sweet sufganiyot and the foods of hannukah

If you could walk through the streets of Jerusalem, or anywhere in Israel this time of year, you’ll catch a distinct whiff in the air of foods frying in oil. Mixed with sweet or savory flavors, it’s one way to whet your appetite and warm your soul in the cold winter. When your mouth finally gets to participate, a few bites and your taste buds are drenched in crispy fried goodness. It’s of course Hannukah, a time when oil fried foods are the king of the plate for eight days (sometimes even for weeks prior). And for many observing traditions, dairy products such as cheese pancakes or rugelach cookies are also on the menu.

Traditional foods eaten on this joyous holiday include the ever popular potato pancake, levivot in Hebrew, latkes in Yiddish. Sufganiyot, from the word ‘sponge’ in Hebrew, yeast based doughnuts are typically filled with jelly or dulce de leche and are a huge treat. In more recent years bakeries throughout Israel have come up with wildly creative flavors (similar to the cupcake phenomenon in the United States). I agree with Cafe Liz though, they’re a bit too sweet for my taste and on this holiday I prefer a little more traditional flavors (at least when it comes to doughnuts). But if you enjoy something less vanilla (or in this case very vanilla) doughnut flavors range from pistachio to rose petal to chocolate orange and are fun to experience (at least once).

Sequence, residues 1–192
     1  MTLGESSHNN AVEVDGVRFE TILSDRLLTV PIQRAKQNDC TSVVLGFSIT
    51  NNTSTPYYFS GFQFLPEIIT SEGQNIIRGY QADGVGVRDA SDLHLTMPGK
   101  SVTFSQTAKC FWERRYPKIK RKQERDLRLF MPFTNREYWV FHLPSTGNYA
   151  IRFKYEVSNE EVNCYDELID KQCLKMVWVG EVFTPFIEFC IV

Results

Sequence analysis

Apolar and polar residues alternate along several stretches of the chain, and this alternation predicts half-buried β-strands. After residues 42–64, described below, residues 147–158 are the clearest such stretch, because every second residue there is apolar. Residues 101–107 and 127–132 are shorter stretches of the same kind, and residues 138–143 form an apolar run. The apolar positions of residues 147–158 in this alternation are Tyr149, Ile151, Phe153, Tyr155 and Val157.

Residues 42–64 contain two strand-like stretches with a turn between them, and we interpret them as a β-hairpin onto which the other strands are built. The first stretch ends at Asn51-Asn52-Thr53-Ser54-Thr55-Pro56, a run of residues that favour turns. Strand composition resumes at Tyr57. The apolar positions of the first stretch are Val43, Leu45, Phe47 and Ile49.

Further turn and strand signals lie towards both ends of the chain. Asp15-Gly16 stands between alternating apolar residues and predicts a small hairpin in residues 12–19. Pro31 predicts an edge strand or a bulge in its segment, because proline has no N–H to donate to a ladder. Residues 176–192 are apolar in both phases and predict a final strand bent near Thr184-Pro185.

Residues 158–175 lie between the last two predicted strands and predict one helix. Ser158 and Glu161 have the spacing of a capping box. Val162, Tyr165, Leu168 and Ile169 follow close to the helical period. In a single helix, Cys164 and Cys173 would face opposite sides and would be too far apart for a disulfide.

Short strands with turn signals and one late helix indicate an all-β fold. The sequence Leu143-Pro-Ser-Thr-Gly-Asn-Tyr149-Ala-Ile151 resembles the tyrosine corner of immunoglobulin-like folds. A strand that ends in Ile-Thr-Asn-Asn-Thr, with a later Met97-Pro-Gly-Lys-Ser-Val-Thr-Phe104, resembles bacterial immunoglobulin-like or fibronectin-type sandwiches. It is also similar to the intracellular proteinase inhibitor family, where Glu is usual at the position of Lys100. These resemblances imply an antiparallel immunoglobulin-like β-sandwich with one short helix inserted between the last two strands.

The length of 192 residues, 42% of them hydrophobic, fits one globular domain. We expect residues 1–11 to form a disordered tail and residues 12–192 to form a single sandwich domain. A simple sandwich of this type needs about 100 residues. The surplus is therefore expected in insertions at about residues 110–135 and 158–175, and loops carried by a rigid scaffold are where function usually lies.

Another doughnut that’s a real treat and made in Moroccan households over the holiday is called sfinj. My mother in-law dusts sfinj with powdered sugar when they’ve cooled a bit, but usually we’re hovering around the frying pan so they never even make it to a plate. Serve, as with most Moroccan dishes, with hot mint tea.

Even if you don’t celebrate Hannukah (also spelled Chanukah, Chanukkah or Chanuka), the Festival of Lights is a time your taste buds can celebrate the traditions and hopefully you can experience an evening of good food, friends and candle lighting no matter where you are in the world.

Explore more details about the history of the foods enjoyed over Hannukah, and try these great recipes:

Food History
Go Jerusalem | Why Eat Dairy and Oily Foods on Chanukah
Epicurious | Encyclopedia of Jewish Foods
L.A. Times Food | The little pancake with a big history
The Shiksa In The Kitchen on PBS | Discover the History of Latkes During Hanukkah

Recipes
OMG Yummy | Eight Potato Latke Recipes
Food Bridge | Leek Patties and Hannukah, Time for Cauliflower Fritters
Tablet | Video: Joan Nathan Makes The Ultimate Latke
NPR | Beyond Latkes: Eight Nights of Fried Delights
Epicurious | How to Make Rugelach
Food 52 | Moroccan Donuts – Sfinj
SF Gate | Hannukah Sufganiyot a Simpler Approach
Karin Goren | Bakery Style Sufganiyot (in Hebrew)

In Hebrew we say “b’tayavon” bon appetite and “hag samech” Happy Hannukah!

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